Each quarter, all businesses that are VAT registered must account for all the VAT they have charged to others, or paid out to suppliers, by submitting a VAT return online.
Failure to file the return on time will result in penalties.
In some instances, voluntary registration may be desirable and possible even though the threshold is not reached but where certain other criteria are met.
Where VAT is incurred before registration, even though the basic rule is that, in order for a person to recover input tax, he must be a taxable person at the time the relevant supplies are received, VAT incurred before registration may be recovered as input tax.
How does VAT apply to property transactions?
VAT does not apply to the majority of commercial property transactions, including leases, licences to occupy any interest in land or buildings and sales of freehold commercial property more than three years old or sales, leases or licences of all residential or charitable property.
There are however a number of exceptions, notably new build properties, or where there has been an election to charge VAT (eg to neutralise the VAT costs of renovations or refurbishments). VAT liability usually lies with the landlord / seller.
Suppliers can elect to charge VAT on commercial property transactions that would otherwise be exempt, subject to a number of restrictions.
The main driver is to recover VAT incurred on goods and services that have been supplied to the business previously – ‘input tax’.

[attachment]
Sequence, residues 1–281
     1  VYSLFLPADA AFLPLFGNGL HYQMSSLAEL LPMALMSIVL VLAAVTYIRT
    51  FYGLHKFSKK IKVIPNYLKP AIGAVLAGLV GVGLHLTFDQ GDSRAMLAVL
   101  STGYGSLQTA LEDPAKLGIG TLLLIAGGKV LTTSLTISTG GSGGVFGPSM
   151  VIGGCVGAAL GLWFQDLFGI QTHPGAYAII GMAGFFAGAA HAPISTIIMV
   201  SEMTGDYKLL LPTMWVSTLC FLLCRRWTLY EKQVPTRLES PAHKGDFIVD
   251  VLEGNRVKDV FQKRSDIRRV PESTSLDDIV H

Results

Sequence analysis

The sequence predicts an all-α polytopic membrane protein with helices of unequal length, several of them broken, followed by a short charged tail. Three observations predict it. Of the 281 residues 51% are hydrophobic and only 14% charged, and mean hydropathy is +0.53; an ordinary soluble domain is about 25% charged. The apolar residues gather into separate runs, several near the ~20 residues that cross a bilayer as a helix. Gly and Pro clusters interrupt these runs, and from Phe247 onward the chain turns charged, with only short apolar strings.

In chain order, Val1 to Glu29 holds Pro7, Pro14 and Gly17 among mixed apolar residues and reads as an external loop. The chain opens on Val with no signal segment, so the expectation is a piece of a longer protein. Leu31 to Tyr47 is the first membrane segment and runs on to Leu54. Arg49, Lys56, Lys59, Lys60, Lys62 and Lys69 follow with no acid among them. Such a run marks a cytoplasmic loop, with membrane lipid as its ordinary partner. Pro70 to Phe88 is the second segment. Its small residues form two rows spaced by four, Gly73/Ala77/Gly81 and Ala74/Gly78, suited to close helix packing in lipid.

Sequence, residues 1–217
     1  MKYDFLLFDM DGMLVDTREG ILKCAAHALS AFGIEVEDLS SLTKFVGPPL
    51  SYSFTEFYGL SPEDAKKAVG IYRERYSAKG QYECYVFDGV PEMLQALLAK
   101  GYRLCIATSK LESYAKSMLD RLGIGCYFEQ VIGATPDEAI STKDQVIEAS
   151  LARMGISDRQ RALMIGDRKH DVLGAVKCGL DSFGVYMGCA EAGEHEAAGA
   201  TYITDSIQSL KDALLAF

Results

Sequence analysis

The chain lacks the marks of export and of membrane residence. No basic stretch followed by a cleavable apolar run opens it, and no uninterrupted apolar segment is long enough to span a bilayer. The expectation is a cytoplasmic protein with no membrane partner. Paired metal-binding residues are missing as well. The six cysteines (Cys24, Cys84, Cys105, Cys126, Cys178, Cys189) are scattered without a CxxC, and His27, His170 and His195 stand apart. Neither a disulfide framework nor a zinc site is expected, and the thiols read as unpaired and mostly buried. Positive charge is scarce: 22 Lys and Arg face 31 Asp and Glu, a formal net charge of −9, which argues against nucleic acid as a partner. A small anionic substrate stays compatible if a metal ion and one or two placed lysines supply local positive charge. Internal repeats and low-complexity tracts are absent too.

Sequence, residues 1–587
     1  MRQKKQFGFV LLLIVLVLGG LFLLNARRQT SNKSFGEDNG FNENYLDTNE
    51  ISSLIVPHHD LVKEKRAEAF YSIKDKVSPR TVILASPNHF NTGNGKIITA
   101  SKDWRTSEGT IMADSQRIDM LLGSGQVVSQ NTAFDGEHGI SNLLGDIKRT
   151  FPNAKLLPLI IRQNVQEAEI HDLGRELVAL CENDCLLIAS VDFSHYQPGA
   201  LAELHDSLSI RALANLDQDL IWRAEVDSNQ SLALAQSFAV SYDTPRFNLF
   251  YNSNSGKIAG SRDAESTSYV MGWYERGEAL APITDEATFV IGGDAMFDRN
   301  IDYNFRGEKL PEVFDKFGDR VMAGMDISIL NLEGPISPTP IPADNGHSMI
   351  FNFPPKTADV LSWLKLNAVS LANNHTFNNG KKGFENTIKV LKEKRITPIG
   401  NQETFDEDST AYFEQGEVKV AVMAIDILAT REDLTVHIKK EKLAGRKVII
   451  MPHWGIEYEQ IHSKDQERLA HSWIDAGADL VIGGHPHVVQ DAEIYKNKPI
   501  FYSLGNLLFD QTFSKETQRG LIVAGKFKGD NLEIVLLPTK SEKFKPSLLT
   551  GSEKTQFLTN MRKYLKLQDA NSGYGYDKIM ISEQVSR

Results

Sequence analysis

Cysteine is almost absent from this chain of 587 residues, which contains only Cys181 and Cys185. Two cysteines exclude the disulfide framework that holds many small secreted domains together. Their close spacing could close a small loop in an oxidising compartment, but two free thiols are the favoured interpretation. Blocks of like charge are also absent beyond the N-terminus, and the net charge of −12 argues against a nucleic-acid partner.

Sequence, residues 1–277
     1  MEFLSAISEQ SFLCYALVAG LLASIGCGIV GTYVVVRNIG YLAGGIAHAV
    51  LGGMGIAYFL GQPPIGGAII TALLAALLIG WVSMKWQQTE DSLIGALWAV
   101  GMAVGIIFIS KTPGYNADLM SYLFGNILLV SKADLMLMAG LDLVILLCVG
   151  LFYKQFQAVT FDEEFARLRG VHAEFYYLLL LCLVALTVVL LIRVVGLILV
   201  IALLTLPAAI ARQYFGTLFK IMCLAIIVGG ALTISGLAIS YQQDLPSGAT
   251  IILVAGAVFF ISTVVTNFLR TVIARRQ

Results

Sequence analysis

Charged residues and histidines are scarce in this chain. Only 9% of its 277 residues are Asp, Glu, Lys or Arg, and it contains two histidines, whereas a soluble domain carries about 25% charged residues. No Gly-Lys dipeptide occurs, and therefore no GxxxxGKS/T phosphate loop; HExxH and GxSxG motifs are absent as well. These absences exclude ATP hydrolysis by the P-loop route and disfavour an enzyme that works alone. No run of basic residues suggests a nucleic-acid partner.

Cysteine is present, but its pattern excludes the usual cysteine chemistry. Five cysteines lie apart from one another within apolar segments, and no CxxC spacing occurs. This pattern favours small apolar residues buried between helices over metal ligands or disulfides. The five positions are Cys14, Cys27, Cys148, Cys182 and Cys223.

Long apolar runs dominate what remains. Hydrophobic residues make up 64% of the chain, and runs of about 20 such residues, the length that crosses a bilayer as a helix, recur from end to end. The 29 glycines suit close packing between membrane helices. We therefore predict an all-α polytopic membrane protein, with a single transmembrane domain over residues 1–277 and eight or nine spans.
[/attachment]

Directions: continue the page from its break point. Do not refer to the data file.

Before the transaction takes place, the supplier must change the transaction from “exempt” to “taxable” and inform HMRC of their intentions in writing within 30 days of this date.
If the supplier has previously made a commercial property transaction that was exempt from tax, they must first obtain permission from HMRC if they wish to elect to charge VAT.
Would VAT apply to the sale of the business, or could this be structured as a transfer of a going concern (TOGC)?
VAT is not usually payable on commercial property transactions involving the Transfer of Going Concern (“TOGC”).
TOGC applies where assets are being sold together in the form of something that is capable of being run as a business, and the buyer intends to use those assets to carry on the same type of business.
Because of the tax benefit of this rule, the eligibility requirements are strict. For example, ensuring the contract specifies the transaction is to be treated as a TOGC, both buyer and seller are VAT registered, both buyer and seller have elected to charge vat, and both buyer and seller use the property for the same business purpose both before and after the transaction.
TOGC will fail where the buyer does not carry on some other, taxable, business, and is therefore not a taxable person.
Where the transaction does not qualify as a TOGC, the transfer will require specialist advice to manage the resulting tax implications.
What are the current applicable VAT rates?